September 28, 2007

Fallout From Ft. Lauderdale Mayor Causing Split in African-American Community

Sadly, here is a situation where I think almost everyone gets it wrong. From the Miami Herald:

Inside Fort Lauderdale City Hall, a contingent of gay white men squared off against black ministers this month, arguing over civil rights.

Outraged over the ministers' decision to announce their support of Mayor Jim Naugle's crusade against homosexuals on Sept. 4, about 20 gay activists wearing red shirts and AIDS pins condemned the clergymen the next day for not being sympathetic to their cause -- one they say mirrors the African-American struggle.

The ministers did not agree.

''You didn't have to drink from separate fountains. Our struggle is not the same . . . you can't equate race and sexuality,'' O'Neal Dozier, pastor of the Worldwide Christian Center, told one activist. ``Slavery was not a choice.''

''Yours is a message of hate, minister . . . You don't speak on behalf of freedom,'' answered Michael Rajner of the Campaign to End AIDS, a nonprofit group.

Now the debate over gay rights threatens to drive a wedge between members of South Florida's black community. Despite the support that many black ministers showed for Naugle, the local NAACP took a public stand against the mayor, calling his crusade a ``hate campaign.''

''I'm not here to condone or condemn gay sex,'' Marsha Ellison, head of the Broward NAACP, told The Miami Herald. ``This is a hate campaign against gays launched by the mayor.''

She said the branch's position -- adopted after a unanimous vote of its 22-member executive committee as well as branch members -- echoes the national NAACP's position. ''Anytime any group is discriminated against it becomes a civil rights issue,'' she said.

NAACP Chairman Julian Bond made national headlines with his recent endorsement of gay marriage -- a step several prominent black ministers publicly criticized.

While Bond has noted that ''no parallel between movements for rights is exact,'' his position differs with ministers and others who suggest that sexual orientation is a matter of choice. He wrote last year: ``Like race, our sexuality isn't a preference -- it is inborn, and the Constitution protects us all against discrimination based on immutable differences.''

Clearly, Mayor Naugle is a bigot who has used the rest-room sex issue to get on his anti-gay soapbox. Enough said about that.

Minister O'Neal Dozier, supporting anti-gay views, is missing the boat and falling into judgement toward the GLBT community.

Those who try to closely tie the GLBT civil rights struggle with the African-American one also miss the boat, big time. There is truth to what Minister Dozier said. Although there are acts of discrimination and violence perpetrated against GLBT people in today's society, they barely scratch the surface of what African-Americans had to go through in the 1950's and 1960's (and many, many years before) to get where they are today, which is still not an environment bereft of prejudice.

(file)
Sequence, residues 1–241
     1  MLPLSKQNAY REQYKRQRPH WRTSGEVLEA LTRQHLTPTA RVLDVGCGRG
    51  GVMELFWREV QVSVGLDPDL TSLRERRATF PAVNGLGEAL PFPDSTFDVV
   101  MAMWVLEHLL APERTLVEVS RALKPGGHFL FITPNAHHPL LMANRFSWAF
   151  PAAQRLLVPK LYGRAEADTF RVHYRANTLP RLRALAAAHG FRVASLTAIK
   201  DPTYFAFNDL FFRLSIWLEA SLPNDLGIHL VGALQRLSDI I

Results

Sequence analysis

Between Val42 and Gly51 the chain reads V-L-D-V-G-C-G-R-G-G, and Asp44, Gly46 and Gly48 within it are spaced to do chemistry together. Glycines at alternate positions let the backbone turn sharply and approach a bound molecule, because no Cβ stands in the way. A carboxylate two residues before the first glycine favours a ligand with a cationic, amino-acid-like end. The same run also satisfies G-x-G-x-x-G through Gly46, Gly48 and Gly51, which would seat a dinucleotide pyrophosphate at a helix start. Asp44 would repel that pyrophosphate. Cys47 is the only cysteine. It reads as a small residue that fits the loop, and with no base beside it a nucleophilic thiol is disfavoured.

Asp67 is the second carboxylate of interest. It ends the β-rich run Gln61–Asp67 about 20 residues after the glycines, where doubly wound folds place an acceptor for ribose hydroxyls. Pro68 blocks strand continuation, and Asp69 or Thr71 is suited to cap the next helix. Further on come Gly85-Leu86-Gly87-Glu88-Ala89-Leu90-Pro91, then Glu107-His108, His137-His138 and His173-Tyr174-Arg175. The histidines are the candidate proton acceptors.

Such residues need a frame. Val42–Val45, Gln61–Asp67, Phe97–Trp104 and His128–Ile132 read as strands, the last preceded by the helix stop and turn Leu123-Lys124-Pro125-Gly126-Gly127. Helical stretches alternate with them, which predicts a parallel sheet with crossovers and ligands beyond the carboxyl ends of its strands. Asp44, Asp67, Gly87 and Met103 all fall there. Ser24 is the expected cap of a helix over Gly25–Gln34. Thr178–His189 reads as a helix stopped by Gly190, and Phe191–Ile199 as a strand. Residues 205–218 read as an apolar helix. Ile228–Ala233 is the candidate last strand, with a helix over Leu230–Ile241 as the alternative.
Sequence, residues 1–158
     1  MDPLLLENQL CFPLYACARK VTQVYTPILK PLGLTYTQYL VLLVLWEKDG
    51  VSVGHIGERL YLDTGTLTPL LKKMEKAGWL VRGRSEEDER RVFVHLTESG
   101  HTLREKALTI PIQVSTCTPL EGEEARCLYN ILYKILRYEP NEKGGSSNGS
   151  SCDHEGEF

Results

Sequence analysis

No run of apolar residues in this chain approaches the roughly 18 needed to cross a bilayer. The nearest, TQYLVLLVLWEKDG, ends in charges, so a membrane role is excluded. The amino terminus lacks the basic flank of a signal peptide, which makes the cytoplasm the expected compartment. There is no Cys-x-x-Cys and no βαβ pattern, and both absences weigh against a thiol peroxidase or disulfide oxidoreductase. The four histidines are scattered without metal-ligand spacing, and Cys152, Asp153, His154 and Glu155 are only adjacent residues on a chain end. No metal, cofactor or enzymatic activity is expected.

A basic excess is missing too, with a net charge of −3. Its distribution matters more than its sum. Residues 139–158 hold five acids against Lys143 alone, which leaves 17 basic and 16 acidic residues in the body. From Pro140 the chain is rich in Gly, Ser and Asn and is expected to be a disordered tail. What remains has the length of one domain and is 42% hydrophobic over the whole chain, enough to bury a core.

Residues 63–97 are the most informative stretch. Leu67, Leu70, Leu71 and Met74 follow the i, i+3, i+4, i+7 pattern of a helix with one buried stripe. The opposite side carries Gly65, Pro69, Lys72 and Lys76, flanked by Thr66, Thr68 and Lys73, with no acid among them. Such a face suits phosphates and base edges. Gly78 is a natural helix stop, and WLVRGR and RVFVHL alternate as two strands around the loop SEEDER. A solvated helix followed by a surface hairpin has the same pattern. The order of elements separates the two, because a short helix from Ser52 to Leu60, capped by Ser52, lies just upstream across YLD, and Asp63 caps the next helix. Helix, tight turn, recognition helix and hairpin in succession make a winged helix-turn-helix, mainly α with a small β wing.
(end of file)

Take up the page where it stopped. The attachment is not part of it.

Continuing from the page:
I think GLBT activists, especially African-American ones, need to blaze their own trail and not act like they are walking the one of generations past. When gay men and lesbians are required to drink from different fountains, sleep in different hotels, use different restrooms, and sit in restricted sections at sporting events, then they've got a fair comparison. Until then, just focus on claiming equality going forward--fight this new battle, don't try to reenact previous ones.


  1. Y'know what? Sure, gays never had to drink from separate water fountains - but show me the black man in the 1950's whose parents threw him out of his home for being black; who couldn't legally marry somebody he cared for (not just couldn't marry a white woman, but any woman at all); whose church condemned him to hell as an abomination in the eyes of the Lord; who had to live in fear of his employer discovering he was black and thus ending the employment his family depended on; who lost his house when his wife died because the tax laws viewed them as strangers because of their race; whose right to be a parent was regularly debated in terms of his likelihood to rape his own daughter; show me the 1950's black man whose fundamental humanity was doubted even by those who should have known and loved him most.

    Yes, the Jim Crow laws were horrible, and segregation continues to have its echoes to this day... but I'm sick of African Americans saying that nobody but them has ever suffered, that their suffering is the pinnacle. It's not. And it's about blasted time somebody reminded these ministers that suffering is redeemed when it gives you compassion for the suffering of others. Until that happens, you're just a victim.

  2. What we have to remember here is those are two extreme viewpoints. I don't want the fight for equal rights for gays and lesbians to turn into a "who's suffered more" contest between blacks and gays. There's a reason the comparison are *only analogies.* As the NAACP spokesperson said, no comparison is exact.

    I think most people can rationally say that blacks and gays have/are fighting for equal rights, but in different arenas.

    And we should ignore those who say otherwise. If we start playing their game, we are going to end up alienating and offending each other when we could be working together.